Letter to the editor: Aunt Fanny’s cabin



[Letters to the Editor are viewpoints submitted by readers. They may or may not represent the editorial view of the Courier]

As you drive through the city of Smyrna, you could be forgiven for not even noticing its presence. An unpretentious white structure, Aunt Fanny’s cabin was once a restaurant on Campbell Road in Smyrna. In the early 90s, when this road was being redeveloped, the city moved the cabin to its downtown location on Atlanta Road. Now the place is in disrepair and its future is weighed against its past.

I grew up in Smyrna and although Aunt Fanny wasn’t a restaurant my family frequented, I remember eating there once when I was young. I clearly remember the black children carrying menus on the chalkboard around their necks as they stood beside the tables of white customers, reciting the menu in an obsequious and singsong manner while the female waiters clad in costume The appropriate “Mammy” looked after the tables around them. . The atmosphere of the place is etched in my memory, and although only a teenager at the time of my visit, I have already recognized that it perpetuated the myth of the Old South that comforted so many of my white brothers and sisters. , one in which happy blacks sang in the fields, forever honored to serve benevolent white masters. Even though I had few black classmates at Campbell High School at that time, I remember thinking of them at dinner that night and feeling my face burn with embarrassment.

While it is true that Fanny Williams, the maid who gave the cabin its name, has done a lot for the black community through her membership in Atlanta’s Wheat Street Baptist Church, then the fate of this place is debated. , you might hear that she was also a civil rights icon, despite having passed away in 1949, years before the start of the civil rights movement. You might also hear that she was proud of the restaurant that bore her name and would certainly want it preserved. But I wonder. Fanny Williams was a product of her time. I doubt she could have dreamed of a day when the United States was a place where she could freely express her opinions out loud without fear of reprisal, let alone a place that would one day elect a black president. Maybe no white person should have the temerity to speak up for them.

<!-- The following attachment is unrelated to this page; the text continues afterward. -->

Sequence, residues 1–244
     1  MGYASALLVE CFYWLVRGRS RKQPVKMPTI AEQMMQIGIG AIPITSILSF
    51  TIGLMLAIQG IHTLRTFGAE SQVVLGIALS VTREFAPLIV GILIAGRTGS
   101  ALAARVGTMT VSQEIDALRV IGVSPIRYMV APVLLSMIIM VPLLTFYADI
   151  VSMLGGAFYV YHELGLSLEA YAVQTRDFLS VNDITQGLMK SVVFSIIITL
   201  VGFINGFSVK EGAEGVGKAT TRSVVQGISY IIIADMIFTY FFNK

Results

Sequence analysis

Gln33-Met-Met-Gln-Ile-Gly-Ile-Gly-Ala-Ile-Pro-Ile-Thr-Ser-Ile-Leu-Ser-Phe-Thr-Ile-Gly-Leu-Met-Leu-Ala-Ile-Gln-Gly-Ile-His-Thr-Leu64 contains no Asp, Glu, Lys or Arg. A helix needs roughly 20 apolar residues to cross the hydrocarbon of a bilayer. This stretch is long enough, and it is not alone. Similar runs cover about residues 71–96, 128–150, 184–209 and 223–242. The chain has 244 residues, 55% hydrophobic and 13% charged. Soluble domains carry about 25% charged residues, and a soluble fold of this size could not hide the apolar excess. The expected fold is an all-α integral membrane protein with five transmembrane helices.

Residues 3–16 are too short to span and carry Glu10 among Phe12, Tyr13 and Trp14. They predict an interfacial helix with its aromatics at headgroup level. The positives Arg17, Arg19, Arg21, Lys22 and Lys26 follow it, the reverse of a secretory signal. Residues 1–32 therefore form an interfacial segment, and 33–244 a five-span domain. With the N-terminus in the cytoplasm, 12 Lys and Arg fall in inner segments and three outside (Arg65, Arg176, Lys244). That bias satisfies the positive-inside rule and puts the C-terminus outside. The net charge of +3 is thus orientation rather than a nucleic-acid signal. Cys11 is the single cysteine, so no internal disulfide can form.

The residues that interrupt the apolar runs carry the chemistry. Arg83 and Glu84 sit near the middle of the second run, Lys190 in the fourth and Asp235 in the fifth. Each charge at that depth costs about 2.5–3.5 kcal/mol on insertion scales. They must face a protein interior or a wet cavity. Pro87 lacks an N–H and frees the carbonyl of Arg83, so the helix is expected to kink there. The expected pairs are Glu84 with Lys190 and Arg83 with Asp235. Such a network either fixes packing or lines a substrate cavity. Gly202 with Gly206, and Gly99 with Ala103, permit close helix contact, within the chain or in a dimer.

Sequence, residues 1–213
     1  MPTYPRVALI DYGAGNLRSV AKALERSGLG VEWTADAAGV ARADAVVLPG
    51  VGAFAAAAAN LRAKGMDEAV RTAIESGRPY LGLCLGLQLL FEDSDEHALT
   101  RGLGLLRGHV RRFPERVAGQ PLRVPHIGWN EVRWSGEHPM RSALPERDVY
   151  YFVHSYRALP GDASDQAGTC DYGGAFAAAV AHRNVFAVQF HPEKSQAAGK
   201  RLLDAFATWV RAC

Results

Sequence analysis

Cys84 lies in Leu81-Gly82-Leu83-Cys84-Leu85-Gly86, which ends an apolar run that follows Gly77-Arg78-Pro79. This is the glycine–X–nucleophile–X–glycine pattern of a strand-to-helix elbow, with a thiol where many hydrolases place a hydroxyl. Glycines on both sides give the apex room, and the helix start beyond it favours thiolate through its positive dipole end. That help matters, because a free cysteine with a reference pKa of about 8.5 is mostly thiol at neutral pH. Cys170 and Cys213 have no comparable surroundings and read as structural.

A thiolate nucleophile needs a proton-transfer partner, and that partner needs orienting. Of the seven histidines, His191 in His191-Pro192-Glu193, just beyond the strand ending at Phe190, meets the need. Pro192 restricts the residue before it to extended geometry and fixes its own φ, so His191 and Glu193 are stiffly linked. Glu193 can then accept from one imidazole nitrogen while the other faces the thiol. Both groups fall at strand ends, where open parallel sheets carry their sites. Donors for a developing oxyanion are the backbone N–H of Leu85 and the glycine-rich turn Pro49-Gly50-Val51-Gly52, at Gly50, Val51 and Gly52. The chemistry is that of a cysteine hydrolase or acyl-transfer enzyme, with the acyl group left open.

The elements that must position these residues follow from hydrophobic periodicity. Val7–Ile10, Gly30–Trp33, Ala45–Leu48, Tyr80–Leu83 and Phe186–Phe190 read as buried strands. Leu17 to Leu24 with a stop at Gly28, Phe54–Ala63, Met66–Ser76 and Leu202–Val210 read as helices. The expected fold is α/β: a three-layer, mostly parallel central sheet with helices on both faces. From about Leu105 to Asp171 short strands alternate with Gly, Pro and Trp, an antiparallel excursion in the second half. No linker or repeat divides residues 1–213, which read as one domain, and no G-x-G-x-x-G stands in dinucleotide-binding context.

Often, when certain expressions are coined to shed light on controversial issues in our country, they are quickly picked up by those who wish to distort or dilute their meaning. This is, I believe, the case with the term “white privilege”. In truth, I would bet that the Smyrna who most wish to see Aunt Fanny’s cabin preserved as part of “our” history are almost all white, and whether or not they are aware of the fact, that is one. Clear indulgence of the privilege of a lifetime has enabled them to regard this part of our collective history as something worth preserving.

Despite its biblical origins, empathy is often a troublesome concept because it places someone instead of placing the feelings of others on an equal footing with their own. He certainly looks slim on the ground in our country’s political arena, especially today. But I would respectfully suggest that when it comes to this issue, the current rulers of Smyrna should look to our black citizens for advice and consideration as they decide the course our city should take in the future. I am convinced that their point of view should carry infinitely more weight than that of anyone else.

Truly,

Pamela terry

Smyrna, Georgia


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